Only the Watchman

Credit: Serge Brunier (2008)


Scene: rooftop at night. There stands the Watchman, looking east.


Beyond the horizon, a wooden horse is mantled in flame, and a baby, beautiful as a star, tumbles through space.


“Will this never end?” he asks. He means the watching.


No answer from the gods. No answer from the darkness.


Beneath his feet, the palace sleeps. Around it sleeps the city. In the countryside, farmers and their wives are sleeping. Their oxen sleep, their sheep and goats, too. All the trees are sleeping, and in them sleep birds. Hill and dale, river and bay: fast asleep. The fragrant air itself is drowsy with sleep. Only the Watchman is awake. He and the vigilant stars, those cold fires in heaven. Each night, in perfect silence, they describe their perfect arcs, and in their fairy light, the Watchman is a shadow in a dream.


Across the sea, a headless corpse lies upon the shore, a body without a name. Seeds of fire swirl and drift across a great plain. Women, in their terror, clutch at a mute icon and pray for a swift death.


Loneliness, he thinks, is a death-in-life. A motionless vortex. Once when he was a child, he woke from sleep into a seeming paralysis. He willed his arms and legs to move. For a moment, until they answered, his mind was trapped in its own body. He rose and went straight to his mother. She held him as he breathed in her familiar unfamiliar smell. Heart thudding, eyes shut tight, he saw stars like glowing embers. They flared into life, danced, faded. “Shh, shh,” she said, stroking his hair.


At the foot of the palace wall grows an ancient olive tree. From above, its leafy crown is the purest black. Starlight pours into it and disappears forever, leaving no trace. It’s the mouth of a cave, he imagines, a branching cavern of countless rooms. In every room is a memory. Every memory is both true and false. Discern the truth and pass into the next room. Prefer the lie and pass into the next room. It doesn’t matter. Each memory is the god of its own underground chamber, and you are just a tendril of mist, floating through the labyrinth.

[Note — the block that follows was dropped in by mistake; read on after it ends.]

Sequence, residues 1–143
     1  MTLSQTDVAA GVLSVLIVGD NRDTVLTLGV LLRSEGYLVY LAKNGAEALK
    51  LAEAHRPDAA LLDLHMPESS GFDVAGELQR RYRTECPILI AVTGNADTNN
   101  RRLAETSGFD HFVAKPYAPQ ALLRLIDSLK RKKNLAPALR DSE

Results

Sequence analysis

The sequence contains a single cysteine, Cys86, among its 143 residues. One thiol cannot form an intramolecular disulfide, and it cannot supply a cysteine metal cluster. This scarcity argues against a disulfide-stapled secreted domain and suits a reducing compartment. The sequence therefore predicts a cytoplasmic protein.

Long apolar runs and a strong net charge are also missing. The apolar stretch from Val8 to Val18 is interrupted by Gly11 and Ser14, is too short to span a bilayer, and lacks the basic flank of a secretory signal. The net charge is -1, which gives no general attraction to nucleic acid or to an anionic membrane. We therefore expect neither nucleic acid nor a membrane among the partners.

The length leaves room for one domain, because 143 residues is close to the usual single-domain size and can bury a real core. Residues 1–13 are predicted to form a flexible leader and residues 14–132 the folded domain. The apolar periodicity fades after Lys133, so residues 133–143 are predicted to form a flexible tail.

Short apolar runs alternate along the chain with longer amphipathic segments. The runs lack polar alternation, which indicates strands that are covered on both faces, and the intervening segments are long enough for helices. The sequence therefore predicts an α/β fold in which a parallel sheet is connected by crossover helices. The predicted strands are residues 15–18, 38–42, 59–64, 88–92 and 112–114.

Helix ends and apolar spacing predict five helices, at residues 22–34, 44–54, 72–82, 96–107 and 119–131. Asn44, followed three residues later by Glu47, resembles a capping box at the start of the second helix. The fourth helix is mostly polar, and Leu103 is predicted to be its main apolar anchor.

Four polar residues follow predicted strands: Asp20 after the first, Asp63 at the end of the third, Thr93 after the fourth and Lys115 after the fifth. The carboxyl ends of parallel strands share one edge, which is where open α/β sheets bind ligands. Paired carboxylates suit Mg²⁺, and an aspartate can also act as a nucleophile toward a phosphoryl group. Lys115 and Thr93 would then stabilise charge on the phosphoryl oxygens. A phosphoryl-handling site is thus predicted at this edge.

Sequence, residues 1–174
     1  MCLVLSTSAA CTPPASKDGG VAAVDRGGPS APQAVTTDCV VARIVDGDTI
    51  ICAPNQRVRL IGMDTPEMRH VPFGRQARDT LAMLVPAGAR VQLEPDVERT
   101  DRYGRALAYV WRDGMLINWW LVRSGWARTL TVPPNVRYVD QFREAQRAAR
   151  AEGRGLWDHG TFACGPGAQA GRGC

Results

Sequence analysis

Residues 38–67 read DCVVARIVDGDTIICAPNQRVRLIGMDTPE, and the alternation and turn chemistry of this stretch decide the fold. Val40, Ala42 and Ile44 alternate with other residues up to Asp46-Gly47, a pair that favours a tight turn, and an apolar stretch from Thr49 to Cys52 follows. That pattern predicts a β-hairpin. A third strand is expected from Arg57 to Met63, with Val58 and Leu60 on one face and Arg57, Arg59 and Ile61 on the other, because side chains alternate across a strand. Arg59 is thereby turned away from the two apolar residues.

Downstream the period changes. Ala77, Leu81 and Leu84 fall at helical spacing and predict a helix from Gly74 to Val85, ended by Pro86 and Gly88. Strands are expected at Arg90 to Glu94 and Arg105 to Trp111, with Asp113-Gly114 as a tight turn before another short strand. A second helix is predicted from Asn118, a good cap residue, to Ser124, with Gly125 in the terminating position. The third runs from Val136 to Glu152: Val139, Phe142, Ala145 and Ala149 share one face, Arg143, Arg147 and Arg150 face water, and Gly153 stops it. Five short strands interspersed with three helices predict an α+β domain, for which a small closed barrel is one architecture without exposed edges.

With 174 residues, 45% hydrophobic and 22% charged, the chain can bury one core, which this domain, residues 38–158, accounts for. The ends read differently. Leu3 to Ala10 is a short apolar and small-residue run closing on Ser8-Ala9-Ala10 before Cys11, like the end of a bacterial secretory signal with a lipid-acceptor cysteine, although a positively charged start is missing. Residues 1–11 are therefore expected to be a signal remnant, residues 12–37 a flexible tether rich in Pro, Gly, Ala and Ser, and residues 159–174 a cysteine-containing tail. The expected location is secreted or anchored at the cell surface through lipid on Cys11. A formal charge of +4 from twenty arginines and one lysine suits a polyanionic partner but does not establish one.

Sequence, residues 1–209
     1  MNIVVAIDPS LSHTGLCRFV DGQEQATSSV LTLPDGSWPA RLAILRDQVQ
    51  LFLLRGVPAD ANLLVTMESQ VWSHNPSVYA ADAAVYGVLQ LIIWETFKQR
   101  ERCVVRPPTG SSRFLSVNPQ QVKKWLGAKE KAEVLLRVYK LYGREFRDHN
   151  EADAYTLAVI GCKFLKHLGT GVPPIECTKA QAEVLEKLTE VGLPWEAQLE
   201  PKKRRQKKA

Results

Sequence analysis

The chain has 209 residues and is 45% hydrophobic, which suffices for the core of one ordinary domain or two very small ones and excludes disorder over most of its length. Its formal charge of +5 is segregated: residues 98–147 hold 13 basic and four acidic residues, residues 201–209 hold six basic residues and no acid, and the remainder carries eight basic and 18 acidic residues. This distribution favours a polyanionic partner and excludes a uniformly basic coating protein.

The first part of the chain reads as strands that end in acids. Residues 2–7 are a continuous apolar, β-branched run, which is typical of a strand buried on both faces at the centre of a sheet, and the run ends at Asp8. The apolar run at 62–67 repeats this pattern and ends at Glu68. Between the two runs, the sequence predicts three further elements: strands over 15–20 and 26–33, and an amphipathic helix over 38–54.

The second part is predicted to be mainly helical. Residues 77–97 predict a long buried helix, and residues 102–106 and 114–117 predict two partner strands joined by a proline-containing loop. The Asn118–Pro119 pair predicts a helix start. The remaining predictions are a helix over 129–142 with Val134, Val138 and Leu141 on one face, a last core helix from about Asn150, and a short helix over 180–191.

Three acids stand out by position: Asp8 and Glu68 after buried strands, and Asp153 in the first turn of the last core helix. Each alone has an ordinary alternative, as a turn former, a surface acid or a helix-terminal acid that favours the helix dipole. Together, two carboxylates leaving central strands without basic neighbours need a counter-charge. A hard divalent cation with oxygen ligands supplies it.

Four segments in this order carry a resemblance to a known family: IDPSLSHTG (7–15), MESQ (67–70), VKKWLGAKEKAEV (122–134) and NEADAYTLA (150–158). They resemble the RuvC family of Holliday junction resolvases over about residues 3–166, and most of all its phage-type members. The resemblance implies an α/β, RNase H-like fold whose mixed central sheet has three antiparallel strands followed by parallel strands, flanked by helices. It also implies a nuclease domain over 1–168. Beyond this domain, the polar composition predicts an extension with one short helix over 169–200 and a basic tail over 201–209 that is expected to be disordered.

The chill on the rooftop deepens. It’s the hour of night when he straddles yesterday and tomorrow, past and future. In these moments, he sees the membrane thinning almost into nothingness, the impassable barrier, that is, between him and Everything Else (even himself). Always, pity rises in him. He feels tender toward the doomed world. “Lovely, lovely,” he thinks, those terraced fields clinging to the hillside. Beautiful, those trembling hands as the girl ties back her hair. Unforgettable, those unnoticed acts of individual courage — one person’s “I refuse” in the face of ravening despair.


Four seasons. Four seasons have wheeled round since he first climbed to the roof, sent here by a woman who thinks like a man. “Watch,” the queen said. And so. Short naps on his arms like a dog. Fear of discovery flapping its soft wings against his face. Doubt. Time passing and passing and passing like a shuttle drawing a sable thread through a warp of solid black. And more than once, tears. Tears for what once was and can never be again.


In any case, a watchman must watch. Some night soon, he hopes and he dreads, will offer up that bonfire on the horizon, signaling that they have done what they sailed away to do: to end history, and to begin it.



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